Not Your Roommate’s Ramen
Fresh noodles hit the spot at Talin’s bar
The ramen bar brightens up the deli.
Talin Market World Food Fare
Talin’s humble beginnings in a narrow shop on Central and Wyoming bear little resemblance to the ethnic supermarket that now anchors the complex at Louisiana and Central. There you’ll also find Café Trang, Bahn Mi Coda (formerly Lee's Bakery), Bubble Tea & Coffee and a Subway franchise.
A fresh, hot and savory noodle bowl
With aisle after aisle of imported goods, Talin is the go-to place for Burque’s best selection of fresh Asian fruits and vegetables such as durian, lychee, Buddha's hand, and many varieties of squash, melon and greens. It also carries a large array of hard-to-find fresh fish including mackerel, smelt and sardines. If you’re in the market for soy sauce, look on aisle “Tokyo.” You’ll find European, Latin and Caribbean foods as well. And if you’re prowling for noodles, Talin has more than 200 varieties—fresh, frozen and dried—in all shapes and sizes.
I’m always happy to hit the deli. The unusual stews and prepared items are not your typical restaurant fare—for instance, chunks of bitter melon in a stew of exotic veggies, rich with dark broth. The deli caters largely to Vietnamese and Asian clientele with the comfort foods they love. An eggplant-and-vegetable stew is pungent and a little sweet. I pick up a whole roast Peking duck, my car redolent with garlic and sweet spices all the way home. If you have time for a sit-down lunch, you can try a combo platter and savor an excellent and generous meal for under $10.
There are more than 20 items to customize your bowl—crispy fried shallots, vegetables, a variety of mushrooms, and meats and fish.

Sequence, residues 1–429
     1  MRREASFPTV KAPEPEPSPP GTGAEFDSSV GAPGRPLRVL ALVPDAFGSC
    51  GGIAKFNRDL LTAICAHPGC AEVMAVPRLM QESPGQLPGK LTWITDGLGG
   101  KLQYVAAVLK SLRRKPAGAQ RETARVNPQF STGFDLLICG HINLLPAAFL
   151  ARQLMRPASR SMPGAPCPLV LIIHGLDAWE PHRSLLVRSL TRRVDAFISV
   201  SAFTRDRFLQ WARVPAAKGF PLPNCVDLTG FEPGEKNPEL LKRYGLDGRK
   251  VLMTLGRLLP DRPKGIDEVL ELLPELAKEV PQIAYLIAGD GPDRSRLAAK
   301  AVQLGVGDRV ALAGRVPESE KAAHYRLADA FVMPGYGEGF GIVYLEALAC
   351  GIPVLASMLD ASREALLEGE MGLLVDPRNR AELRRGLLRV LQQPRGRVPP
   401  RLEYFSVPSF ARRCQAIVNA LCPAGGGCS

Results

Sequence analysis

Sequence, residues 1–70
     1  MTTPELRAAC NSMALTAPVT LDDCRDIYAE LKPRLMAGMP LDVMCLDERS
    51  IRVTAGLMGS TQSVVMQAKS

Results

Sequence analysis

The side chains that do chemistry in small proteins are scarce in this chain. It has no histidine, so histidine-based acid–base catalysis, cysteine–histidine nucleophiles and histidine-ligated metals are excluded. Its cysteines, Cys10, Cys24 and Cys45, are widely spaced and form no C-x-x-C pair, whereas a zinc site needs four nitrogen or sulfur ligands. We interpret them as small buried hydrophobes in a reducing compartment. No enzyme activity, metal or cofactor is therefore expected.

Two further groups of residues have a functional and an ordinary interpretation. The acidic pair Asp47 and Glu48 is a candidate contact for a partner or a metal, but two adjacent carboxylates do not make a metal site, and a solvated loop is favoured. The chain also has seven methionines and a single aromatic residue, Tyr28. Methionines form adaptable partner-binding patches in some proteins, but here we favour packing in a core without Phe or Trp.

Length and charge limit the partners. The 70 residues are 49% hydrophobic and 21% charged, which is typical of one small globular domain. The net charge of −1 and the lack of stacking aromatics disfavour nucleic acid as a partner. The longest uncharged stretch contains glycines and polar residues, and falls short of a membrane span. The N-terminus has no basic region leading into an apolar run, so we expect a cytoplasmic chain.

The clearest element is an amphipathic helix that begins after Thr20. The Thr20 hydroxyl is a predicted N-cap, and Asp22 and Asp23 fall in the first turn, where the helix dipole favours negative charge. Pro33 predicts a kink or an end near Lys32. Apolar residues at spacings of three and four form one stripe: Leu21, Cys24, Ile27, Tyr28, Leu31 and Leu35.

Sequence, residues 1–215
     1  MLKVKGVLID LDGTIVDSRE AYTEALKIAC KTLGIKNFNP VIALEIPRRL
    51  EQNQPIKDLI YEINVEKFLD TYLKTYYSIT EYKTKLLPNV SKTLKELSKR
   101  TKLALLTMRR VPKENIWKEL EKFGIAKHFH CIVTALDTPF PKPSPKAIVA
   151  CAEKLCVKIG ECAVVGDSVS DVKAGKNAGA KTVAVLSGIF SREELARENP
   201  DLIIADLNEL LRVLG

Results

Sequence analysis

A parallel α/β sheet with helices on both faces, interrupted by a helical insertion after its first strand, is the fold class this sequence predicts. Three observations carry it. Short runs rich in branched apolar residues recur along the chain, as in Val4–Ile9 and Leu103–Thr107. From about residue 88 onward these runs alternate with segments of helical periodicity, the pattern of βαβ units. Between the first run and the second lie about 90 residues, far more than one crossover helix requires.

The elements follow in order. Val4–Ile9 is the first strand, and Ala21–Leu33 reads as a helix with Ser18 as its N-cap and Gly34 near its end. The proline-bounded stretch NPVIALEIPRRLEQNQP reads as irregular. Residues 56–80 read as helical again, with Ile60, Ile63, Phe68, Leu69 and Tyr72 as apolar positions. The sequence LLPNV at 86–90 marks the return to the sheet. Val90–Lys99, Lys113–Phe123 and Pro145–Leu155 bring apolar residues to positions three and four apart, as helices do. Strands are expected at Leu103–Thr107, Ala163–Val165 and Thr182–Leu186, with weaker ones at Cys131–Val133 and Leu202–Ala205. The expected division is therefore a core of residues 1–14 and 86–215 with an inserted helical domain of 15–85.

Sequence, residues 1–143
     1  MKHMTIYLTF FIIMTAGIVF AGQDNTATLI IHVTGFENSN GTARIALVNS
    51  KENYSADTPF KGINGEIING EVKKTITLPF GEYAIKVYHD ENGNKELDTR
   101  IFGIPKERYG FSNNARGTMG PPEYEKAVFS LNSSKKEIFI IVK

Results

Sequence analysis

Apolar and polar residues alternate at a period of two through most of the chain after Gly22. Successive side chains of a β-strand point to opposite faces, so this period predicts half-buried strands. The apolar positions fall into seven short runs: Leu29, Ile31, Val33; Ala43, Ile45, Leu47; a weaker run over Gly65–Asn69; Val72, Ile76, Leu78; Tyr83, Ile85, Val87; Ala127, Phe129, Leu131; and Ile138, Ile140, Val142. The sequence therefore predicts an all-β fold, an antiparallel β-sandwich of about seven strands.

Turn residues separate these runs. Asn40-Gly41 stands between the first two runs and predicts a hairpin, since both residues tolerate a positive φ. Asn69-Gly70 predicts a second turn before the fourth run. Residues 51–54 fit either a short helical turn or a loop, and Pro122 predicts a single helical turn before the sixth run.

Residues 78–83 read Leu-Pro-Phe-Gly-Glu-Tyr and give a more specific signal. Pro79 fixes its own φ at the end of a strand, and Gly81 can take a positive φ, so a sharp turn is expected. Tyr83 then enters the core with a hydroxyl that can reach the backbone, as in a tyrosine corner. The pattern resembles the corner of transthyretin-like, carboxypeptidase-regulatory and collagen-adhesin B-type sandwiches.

A 2010 remodel of the deli includes a dining area and a ramen noodle bar. This revamped space doubles as a place for folks to park themselves while their friends and families roam the store. With high seating, the ramen counter shows contemporary flair; meal service is a simple, one-dish concept. You can start with dry, packaged ramen, but the fresh is much better. There are more than 20 items to customize your bowl—crispy fried shallots, vegetables, a variety of mushrooms, and meats and fish. I’m having fried shallots, bok choy and shiitake mushrooms in a shoyu-based broth. The server assembles the ingredients, heats the broth and adds the fresh ramen. She uses small scissors to snip ingredients into the boiling liquid. In a few minutes, she places my bowl on the counter and I begin slurping up perfectly cooked noodles. It’s a satisfying meal, especially during these winter months.
Victor Limary takes a break.
Victor Limary, whose family founded Talin in 1980, manages and works in every aspect of the business. He joins me over ramen and tea. “Initially we started with just packaged ramen. But some of our Japanese customers were disappointed because they were expecting fresh ramen,” he says, “so we thought we’d give it a try. We went around and tasted ramen at different places and came up with all of the recipes we’ve got now.” The diversity extends to a selection of broths. “We’ve got the tonkatsu miso,” Limary adds, “and now we’re offering a vegetarian version of the shoyu.”
For a real treat, ring in the Chinese Year of the Rabbit on Sunday, Feb. 6, at 1 p.m., when Talin will entertain customers with a lively Chinese dragon dance.
Talin Market World Food Fare
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